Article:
To commemorate the 300th Anniversary of the original Longitude Prize (won by John Harrison with the invention of a clock that could keep time at sea), UK charity Nesta has launched a new £10million prize to encourage inventors and scientists to find a solution to one of six problems facing the world. [more inside]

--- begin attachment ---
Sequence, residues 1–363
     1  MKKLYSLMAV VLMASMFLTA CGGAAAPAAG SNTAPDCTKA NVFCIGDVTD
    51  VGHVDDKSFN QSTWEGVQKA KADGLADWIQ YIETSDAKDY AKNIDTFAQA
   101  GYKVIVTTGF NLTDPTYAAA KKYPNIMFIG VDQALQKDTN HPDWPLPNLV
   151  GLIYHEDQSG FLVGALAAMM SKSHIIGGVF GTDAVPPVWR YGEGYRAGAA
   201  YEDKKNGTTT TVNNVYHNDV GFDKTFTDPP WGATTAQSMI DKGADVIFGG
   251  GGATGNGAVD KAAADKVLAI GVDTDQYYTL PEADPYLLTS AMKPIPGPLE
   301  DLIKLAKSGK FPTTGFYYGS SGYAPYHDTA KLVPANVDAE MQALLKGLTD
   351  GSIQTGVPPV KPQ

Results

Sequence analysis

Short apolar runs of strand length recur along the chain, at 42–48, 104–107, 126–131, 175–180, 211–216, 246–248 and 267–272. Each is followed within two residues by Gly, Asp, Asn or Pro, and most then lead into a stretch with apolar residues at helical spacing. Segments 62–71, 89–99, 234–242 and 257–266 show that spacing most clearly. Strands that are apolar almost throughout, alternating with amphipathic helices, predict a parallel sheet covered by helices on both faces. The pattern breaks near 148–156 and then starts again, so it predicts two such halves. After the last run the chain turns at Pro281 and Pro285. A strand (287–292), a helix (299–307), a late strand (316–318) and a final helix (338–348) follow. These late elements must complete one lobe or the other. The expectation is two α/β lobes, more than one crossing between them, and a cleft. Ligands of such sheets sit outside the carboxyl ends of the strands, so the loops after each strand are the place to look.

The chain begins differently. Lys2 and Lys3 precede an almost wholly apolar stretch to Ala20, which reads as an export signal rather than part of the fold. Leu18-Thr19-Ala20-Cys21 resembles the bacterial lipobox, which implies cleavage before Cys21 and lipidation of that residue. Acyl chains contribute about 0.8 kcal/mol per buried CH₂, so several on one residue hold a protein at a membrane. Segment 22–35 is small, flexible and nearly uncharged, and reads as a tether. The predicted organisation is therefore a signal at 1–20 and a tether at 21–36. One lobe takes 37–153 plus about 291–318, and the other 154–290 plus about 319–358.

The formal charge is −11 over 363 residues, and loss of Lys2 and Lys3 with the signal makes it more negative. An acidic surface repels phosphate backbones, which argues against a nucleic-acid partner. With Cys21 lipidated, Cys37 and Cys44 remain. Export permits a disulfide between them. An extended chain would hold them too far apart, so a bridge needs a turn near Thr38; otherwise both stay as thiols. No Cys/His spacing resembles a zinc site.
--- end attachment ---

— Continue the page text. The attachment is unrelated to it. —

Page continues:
Since time immemorial, people have tried to predict the future. In the second half of the 20th century, these efforts grew more ambitious and sophisticated. Improvements in computational power, data gathering, and analysis were all put to work to try to lift the veil on the future. But the last decade has not been kind to futurology. Bankers' and insurers' forecasts of risk turned out to be drastically wrong, torpedoing the financial system and ushering in a long stagnation. Politicians' visions of long-term stable economic growth evaporated. Perhaps relatedly, scathing critiques of our ability to foresee the future rose to the top of bestseller lists. In this newly self-conscious mood, Nesta funded research that tries to get under the surface of different ways of talking about the future. This paper leans on that research, defending some forms of futurology. Accompanying Guardian post on uncertainty being the only certainty.